We also had a piano ship and a poor 18 year old Japanese violinist who was towed at speed across the river whilst standing in a small row boat and smoke throughout the show was dispersed by speed boats.
Overall we had a pretty big rig which also included the lights around and under Tomita’s pyramid which were operated from our control shack below on another 96 way AVO and included some Strand Showchangers. We had initially specified Vari#Lites here as well but the lighting budget was badly affected by an unusual money draining factor, site insurances.
The challenges and costs of mounting a free show in a public park in New York swiftly became apparent. Permission was needed to halt all river traffic for the period of the show, to build any temporary structure over thirty feet, to run power cables in the park, to keep the only toilets open past 8 o’clock at night, etc, etc.
Below the pyramid we had a selection of pars and cyc floods and although Tomita wanted no direct light on him inside the Pyramid I had rigged four 500w floods at floor level so that the keyboard techs had some light to work with during rehearsals in darkness, numbered channel 101 but controlled by me on a small desk.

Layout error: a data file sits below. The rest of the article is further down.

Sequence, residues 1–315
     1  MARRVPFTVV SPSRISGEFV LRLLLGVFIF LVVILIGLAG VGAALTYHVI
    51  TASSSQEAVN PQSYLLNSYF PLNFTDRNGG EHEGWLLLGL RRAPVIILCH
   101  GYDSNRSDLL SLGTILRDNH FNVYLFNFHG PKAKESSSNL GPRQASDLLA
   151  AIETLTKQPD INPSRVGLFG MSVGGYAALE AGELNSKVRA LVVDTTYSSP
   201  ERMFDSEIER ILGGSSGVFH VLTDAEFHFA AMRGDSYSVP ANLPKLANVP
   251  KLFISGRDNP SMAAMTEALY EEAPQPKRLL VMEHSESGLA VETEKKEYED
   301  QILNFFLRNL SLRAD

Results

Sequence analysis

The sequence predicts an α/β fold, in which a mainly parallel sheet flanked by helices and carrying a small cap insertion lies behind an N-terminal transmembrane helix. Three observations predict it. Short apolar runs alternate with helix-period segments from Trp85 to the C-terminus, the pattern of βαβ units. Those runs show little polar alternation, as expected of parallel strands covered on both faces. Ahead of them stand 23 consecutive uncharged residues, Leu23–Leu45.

The lighting was supplied by See-Factor, remember the orange flight cases? One of their greatest challenges I recall was sourcing generators as one of New York’s sky-scrapers was having its electrical intake upgraded and had rented most of the available generators to power the building; the Great Bob See seen here in his company car.
I was to call the 213 cues that Toshi-San had put into the hour and three quarter show and with around thirty lighting and laser operators, most of whom could only be reached by radio, I got to thinking how this could possibly work.
I came up with the idea that our sponsors CASIO would supply all of our operators with a free stopwatch and I would write each operator a cue sheet with the exact times of their own cues. Tomita agreed that he would play a pre-show tone exactly ten second before he started the Master timing tape and I offset these 10 seconds on all the cue sheets. What could possibly go wrong?
Quite a lot as it turned out. Show time.
It became apparent that the crew should not have run the headset systems cable through the public space as the crowd was immense and soon trampled the aptly named ‘Kaos’ comms system to oblivion. All bank side communications were lost around five minutes before the show.